Architectural Expression: Form, Quality, and Purpose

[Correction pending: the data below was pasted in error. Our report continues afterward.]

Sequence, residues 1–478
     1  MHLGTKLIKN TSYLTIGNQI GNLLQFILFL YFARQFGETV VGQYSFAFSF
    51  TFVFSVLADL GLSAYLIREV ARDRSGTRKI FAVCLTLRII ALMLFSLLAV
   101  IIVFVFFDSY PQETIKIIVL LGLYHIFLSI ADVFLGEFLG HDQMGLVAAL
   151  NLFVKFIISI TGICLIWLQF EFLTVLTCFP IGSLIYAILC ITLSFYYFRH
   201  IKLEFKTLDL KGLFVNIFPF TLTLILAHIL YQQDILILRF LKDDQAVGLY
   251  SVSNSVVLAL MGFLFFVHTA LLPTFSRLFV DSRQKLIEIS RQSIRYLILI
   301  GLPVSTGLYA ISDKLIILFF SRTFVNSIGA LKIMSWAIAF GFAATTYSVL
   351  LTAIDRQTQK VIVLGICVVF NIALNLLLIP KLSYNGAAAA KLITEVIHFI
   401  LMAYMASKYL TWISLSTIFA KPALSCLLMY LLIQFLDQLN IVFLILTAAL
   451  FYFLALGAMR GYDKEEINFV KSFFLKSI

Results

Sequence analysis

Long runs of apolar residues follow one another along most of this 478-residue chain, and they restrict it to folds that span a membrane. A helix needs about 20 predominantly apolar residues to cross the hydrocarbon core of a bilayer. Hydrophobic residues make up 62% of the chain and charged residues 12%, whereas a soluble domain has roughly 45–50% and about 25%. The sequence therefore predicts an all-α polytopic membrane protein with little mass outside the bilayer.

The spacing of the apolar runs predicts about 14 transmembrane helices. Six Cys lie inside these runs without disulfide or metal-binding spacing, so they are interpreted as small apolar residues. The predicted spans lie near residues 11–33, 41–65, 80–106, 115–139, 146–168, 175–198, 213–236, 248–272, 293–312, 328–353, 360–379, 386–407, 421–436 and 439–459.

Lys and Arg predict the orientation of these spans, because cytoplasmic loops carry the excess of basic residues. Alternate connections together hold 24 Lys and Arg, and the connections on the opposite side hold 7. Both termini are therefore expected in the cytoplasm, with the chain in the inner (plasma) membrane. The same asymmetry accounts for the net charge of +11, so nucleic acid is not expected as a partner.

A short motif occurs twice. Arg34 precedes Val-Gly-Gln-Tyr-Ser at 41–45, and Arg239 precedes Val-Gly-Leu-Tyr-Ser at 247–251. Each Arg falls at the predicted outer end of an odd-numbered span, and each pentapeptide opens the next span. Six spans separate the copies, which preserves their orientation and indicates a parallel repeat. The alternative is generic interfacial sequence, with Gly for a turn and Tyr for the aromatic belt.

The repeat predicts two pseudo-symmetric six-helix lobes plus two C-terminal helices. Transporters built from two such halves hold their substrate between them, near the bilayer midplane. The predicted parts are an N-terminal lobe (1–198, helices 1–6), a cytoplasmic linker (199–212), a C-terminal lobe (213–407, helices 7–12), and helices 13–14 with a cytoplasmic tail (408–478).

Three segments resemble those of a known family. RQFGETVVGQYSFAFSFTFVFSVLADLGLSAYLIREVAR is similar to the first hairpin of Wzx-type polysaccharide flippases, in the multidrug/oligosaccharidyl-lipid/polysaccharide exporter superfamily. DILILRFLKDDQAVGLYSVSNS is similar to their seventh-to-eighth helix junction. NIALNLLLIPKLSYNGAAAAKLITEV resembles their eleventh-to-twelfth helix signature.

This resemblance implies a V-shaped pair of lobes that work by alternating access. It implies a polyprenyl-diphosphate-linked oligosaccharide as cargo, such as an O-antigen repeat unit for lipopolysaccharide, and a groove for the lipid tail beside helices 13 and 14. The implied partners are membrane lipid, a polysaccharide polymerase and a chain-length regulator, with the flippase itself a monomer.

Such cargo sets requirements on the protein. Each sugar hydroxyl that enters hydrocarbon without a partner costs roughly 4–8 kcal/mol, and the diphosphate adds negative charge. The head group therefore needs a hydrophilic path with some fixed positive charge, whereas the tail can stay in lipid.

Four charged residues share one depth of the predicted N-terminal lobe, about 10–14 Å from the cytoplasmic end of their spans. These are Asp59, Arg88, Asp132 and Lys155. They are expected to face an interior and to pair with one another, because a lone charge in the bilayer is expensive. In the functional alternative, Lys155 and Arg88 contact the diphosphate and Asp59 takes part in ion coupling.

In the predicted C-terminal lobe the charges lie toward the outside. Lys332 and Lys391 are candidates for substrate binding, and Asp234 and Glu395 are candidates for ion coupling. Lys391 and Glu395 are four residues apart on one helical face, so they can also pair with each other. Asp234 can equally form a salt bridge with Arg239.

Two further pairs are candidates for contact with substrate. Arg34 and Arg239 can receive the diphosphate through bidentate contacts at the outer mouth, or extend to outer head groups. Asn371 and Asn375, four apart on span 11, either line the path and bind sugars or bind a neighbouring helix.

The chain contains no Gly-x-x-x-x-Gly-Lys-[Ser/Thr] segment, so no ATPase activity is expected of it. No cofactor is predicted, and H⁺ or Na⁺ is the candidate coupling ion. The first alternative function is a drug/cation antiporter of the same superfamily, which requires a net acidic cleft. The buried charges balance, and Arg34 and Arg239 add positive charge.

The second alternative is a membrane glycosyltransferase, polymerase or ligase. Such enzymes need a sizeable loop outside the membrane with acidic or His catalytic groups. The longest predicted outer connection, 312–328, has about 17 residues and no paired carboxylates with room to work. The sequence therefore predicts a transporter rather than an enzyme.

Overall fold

When we rst observe a building we begin by considering whether it coheres as a distinct and identiable whole. We subsequently examine its composition,1 the ways in which its volumes, its elements, and materials are arranged. We also note how the elements of the composition are tectonically joined. Composition and tectonics display to us how the building is made. Next, we observe how the building meets a street alignment, how it turns a corner, how it inects, how it helps to enclose a square, and the hierarchical relationship it has with adjacent buildings. Scrutinizing the façades we can imagine the building’s plans and sections, the disposition of rooms, and the sequence in which they may be arranged. We can imagine the utility that the building fullls. We observe the openings, the moldings, the cornice, the roof, and their proportional relationships. Afterwards, we make mental comparisons to other similar buildings, noting their commonalities, their dierences, and their propriety to their context. But this is half of the observation. The other half pertains to how all these elements and their qualities convey to our understanding the building’s chief property: its character, and whether this character suits our assumption and expectation of what the building’s purpose may be. Architectural expression invites judgment. We judge whether the purpose of a library, a market, a school, or a house has been properly expressed by the architect because we expect each building to have its own identity and because we understand identity to mean, at once, something unique and something commonly shared by buildings of the same kind. This, in brief, is one possible sequence of observations that relates our conceptual understanding of architecture in general, with the empirical experience of examining one particular building.